Her condition rapidly deteriorated thereafter and after fierce battle with the disease, she sadly succumbed to it on the 16th of October, 2018. Her body was laid to rest at her ancestral home in Sebina on 21st October. The true crypto convert she was, Christine left a Will that all her three children and three grandchildren be bequeathed with BitClub Network mining Pools (Shares) as a lasting and impactful legacy of her love and care for them. Set at appropriate repurchase percentages, the partial share purchase of the mining Pools assures her dependents a lifetime of uninterrupted mining and daily earnings of Bitcoin mining dividends.
As I reflect on the adage that says, “People come into your life for a reason, a season, or a lifetime,” it becomes clear that the brief but impactful instance when Christine’s life crossed with mine demonstrates that it is not late to invest in Bitcoin. Our paths crossed because of Bitcoin and despite the inordinate barriers she faced in the uptake of this ground-breaking technology she prevailed. Bitcoin continues to thrive despite an elaborate smear campaign that calls the digital asset a, “Ponzi scheme, a scam and a financial and asset bubble that is about to burst.”
Award winning business and photojournalist, Jay Caboz writes that, “we live in a world where there are prevailing prejudicial attitudes towards older people and that this discrimination and stereotyping views the elderly as dependent, non-contributing members of society who are averse to technology.” He says that in the developing world, especially in Africa, so strong is the stereotype of elderly digital dunce that the ageist perception has often become a self-fulfilling prophesy that reinforces the myth that the elderly are not only technologically fearful but also technologically challenged and incompetent.
However, while the mind-blowing technological advances of the fourth industrial revolution are purported to have left many Baby Boomers and the Generation X cohorts in absolute awe and many more quite simply overwhelmed, I find the speed and passion with which Christine disabused herself of the crypto bashers misinformation commendable and her investment in Bitcoin inspiring for those considered to be technology fearful and, “late adaptors who struggle to keep up with the pace and scale of change in the digital age.” Christine dispelled the erroneous and misplaced perceptions that suggest that her generation is fearful and show a low adjustment to the advent of new technologies.
In the end, Christine proved to be a technologically astute, shrewd and decisive business woman. She was able to outsmart the current financial system which robbed her of her life savings through corruption, mismanagement and attrition of returns in pension funds. She was quick to see the promise of the Bitcoin revolution to, “bring more of the worlds population out of poverty than anything we have ever witnessed before.” She is counted among the country’s early Bitcoin adopters, a game-changing pensioner who defied the odds and embraced technology long before its benefits were obvious to many.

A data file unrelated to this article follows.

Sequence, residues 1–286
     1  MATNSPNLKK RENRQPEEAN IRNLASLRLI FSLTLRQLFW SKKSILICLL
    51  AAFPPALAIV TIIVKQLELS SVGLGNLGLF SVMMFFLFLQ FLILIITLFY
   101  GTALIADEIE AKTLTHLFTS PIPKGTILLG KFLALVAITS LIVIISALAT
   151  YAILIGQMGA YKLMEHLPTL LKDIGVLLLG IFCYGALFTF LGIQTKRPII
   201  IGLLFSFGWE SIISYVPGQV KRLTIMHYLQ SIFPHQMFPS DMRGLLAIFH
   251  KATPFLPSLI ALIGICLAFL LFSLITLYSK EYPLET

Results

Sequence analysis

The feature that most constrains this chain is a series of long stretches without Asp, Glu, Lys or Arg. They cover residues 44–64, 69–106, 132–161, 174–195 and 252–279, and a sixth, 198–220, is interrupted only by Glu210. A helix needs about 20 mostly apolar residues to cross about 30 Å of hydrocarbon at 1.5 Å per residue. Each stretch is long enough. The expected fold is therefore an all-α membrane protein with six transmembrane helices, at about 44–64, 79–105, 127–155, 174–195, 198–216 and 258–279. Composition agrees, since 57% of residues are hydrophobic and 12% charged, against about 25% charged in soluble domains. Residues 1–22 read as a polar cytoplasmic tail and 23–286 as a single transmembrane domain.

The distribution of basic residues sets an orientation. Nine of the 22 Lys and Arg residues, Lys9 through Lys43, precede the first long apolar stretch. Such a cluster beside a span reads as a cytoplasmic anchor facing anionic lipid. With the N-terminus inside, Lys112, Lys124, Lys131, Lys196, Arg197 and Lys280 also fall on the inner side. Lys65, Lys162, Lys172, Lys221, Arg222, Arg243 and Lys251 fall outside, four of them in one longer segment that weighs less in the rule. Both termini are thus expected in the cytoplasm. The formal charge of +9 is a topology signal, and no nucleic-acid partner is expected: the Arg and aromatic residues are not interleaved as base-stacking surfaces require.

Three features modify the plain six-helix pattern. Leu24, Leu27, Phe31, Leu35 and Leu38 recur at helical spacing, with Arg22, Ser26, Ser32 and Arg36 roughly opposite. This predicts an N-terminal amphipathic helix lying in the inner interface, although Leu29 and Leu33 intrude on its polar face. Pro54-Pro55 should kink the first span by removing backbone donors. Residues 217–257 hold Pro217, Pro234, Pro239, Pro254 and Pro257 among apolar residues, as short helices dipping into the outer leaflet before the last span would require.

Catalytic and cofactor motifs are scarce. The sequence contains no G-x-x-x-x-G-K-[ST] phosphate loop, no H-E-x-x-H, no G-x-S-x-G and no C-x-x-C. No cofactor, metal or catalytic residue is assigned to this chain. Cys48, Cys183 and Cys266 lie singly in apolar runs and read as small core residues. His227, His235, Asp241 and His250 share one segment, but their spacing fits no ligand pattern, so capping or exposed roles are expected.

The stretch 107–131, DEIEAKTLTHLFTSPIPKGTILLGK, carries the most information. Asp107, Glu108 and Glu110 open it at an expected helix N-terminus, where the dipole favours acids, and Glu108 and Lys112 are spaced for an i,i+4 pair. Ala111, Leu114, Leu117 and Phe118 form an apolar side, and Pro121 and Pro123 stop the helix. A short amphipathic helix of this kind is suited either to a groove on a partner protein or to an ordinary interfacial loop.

She was among the first of her contemporaries to see the blockchain technology as, “the grand connector and value-adding novelty and opportunity creator in the economic and social spheres of our lives.” She is the celebrated champion of the world’s first digital currency. Christine is the Bitcoin royalty who bequeathed her children with Bitcoin, the world’s most prolific digital asset and the fastest global currency.
She left her children a consummate inheritance, a truly lasting legacy of daily Bitcoin earnings for the rest of their lives. An asset that is better than the traditional assets such as cattle which is labour intensive; cash which is fast losing its value; commodities with their inflated expectations; and real estate which remains illiquid. Christine’s Bitcoin legacy will be handed down from generation to generation, compounding an enduring generational wealth for her descendants and ensuring them a better quality of life. Christine is survived by 3 children, 3 grandchildren, her mother and 15 siblings. May her soul rest in peace.
In 2005, the Business & Economic Advisory Council (BEAC) pitched the idea of the establishment of Special Economic Zones (SEZs) to the Mogae Administration.
It took five years before the SEZ policy was formulated, another five years before the relevant law was enacted, and a full three years before the Special Economic Zones Authority (SEZA) became operational.
… courtesy of infiltration stratagem by Jehovah-Enlil’s clan
With the passing of Joshua’s generation, General Atiku, the promised peace and prosperity of a land flowing with milk and honey disappeared, giving way to chaos and confusion.
Maybe Joshua himself was to blame for this shambolic state of affairs. He had failed to mentor a successor in the manner Moses had mentored him. He had left the nation without a central government or a human head of state but as a confederacy of twelve independent tribes without any unifying force except their Anunnaki gods.
If I say the word ‘robot’ to you, I can guess what would immediately spring to mind – a cute little Android or animal-like creature with human or pet animal characteristics and a ‘heart’, that is to say to say a battery, of gold, the sort we’ve all seen in various movies and tv shows. Think R2D2 or 3CPO in Star Wars, Wall-E in the movie of the same name, Sonny in I Robot, loveable rogue Bender in Futurama, Johnny 5 in Short Circuit…